His grief as valid as the mothers

Does he need to cry in front of others to make a point of his loss, or does he need to carry on silently with his life without acknowledging his loss?

Why are men treated differently? They are also grieving; men plan days, weeks and months ahead for the arrival of their bundle of joy. They also want to see a part of them grow in front of their eyes; some wait impatiently for the arrival and plan the delivery of the baby and the homecoming. Men also fall pregnant, their pregnancies are full of emotions; they wait anxiously for 9 months and watch their baby grow inside their partner/wife. Pregnancy for a father is just as exciting as it is for the mother.

When a mother suffers a miscarriage or children die in their infancy, don’t ignore the couple - they both have suffered a loss. To devalue a fathers loss and value the mothers can often leave men feeling guilty, confused and distraught. Men have the right to feel low, depressed and have mood swings - they may not be in touch with their feelings but they have feelings, just like the pregnancy they don’t carry the baby but they have the sentiments and have an attachment to the pregnancy.

Disregarding ones pain and valuing the others can bring distances between the couple, often in these cases the couple would stop communicating, especially the men as they don’t know what to say or do, and they are trying to come to terms with their feelings. There can be a certain amount of detachment from the father around the circumstances because suddenly everyone is supporting the mum. The father at this stage gets no attention - he is feeling lost, hurt in pain and isolated and there is no one who can or wants to understand his loss.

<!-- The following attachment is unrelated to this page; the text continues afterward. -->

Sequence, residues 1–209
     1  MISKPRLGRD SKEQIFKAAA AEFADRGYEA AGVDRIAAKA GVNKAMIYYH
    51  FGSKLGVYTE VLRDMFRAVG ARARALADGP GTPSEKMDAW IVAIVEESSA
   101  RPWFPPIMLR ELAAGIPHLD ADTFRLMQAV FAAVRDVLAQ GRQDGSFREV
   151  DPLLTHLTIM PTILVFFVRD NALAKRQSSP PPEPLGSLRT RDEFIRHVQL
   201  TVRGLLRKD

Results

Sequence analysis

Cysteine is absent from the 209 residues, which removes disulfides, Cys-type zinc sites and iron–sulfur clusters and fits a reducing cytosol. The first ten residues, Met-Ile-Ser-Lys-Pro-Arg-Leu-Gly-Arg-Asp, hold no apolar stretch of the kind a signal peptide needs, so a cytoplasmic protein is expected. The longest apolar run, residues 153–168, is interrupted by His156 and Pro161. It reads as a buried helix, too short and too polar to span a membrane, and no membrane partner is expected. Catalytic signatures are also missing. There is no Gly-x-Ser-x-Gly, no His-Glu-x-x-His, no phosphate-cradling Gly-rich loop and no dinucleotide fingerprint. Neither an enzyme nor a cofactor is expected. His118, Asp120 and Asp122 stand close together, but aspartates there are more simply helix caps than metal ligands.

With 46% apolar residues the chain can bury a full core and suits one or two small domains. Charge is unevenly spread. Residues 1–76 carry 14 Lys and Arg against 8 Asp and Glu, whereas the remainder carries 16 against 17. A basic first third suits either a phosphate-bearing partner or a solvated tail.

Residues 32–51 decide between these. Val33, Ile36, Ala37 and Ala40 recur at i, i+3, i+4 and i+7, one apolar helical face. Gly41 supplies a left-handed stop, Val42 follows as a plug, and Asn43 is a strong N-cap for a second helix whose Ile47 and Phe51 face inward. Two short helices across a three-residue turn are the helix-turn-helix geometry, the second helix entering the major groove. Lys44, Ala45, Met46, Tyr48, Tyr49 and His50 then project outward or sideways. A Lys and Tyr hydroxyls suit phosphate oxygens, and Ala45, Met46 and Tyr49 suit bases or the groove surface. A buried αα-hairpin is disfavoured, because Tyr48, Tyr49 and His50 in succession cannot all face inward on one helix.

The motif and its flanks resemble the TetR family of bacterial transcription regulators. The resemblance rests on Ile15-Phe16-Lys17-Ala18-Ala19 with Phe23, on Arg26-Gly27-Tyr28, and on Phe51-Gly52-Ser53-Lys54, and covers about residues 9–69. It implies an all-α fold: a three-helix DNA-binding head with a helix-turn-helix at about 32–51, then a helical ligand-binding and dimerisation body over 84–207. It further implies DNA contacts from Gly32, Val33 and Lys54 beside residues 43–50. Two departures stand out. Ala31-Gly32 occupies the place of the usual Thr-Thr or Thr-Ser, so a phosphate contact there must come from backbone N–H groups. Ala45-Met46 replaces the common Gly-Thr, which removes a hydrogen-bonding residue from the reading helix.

It’s important to bring your feelings to surface with your partner/wife and try and understand each other’s grief, opening up to your partner/wife about the loss and your feelings surrounding the loss, understanding it. Communication is imperative and understanding that it was nobody’s fault and these things happen. Accepting that you both have your own way of dealing with the loss, seeking professional help and support from family and friends.

Shutting one another out could result in isolation or blaming each other. Separation has an effect on the family, and grieving alone could lead to many complications in the relationship. Respecting each other’s feelings and being mindful that both of you have suffered a loss is important, as is acknowledging that you have you own individual way of grieving.

Counselling Directory is not responsible for the articles published by members. The views expressed are those of the member who wrote the article.

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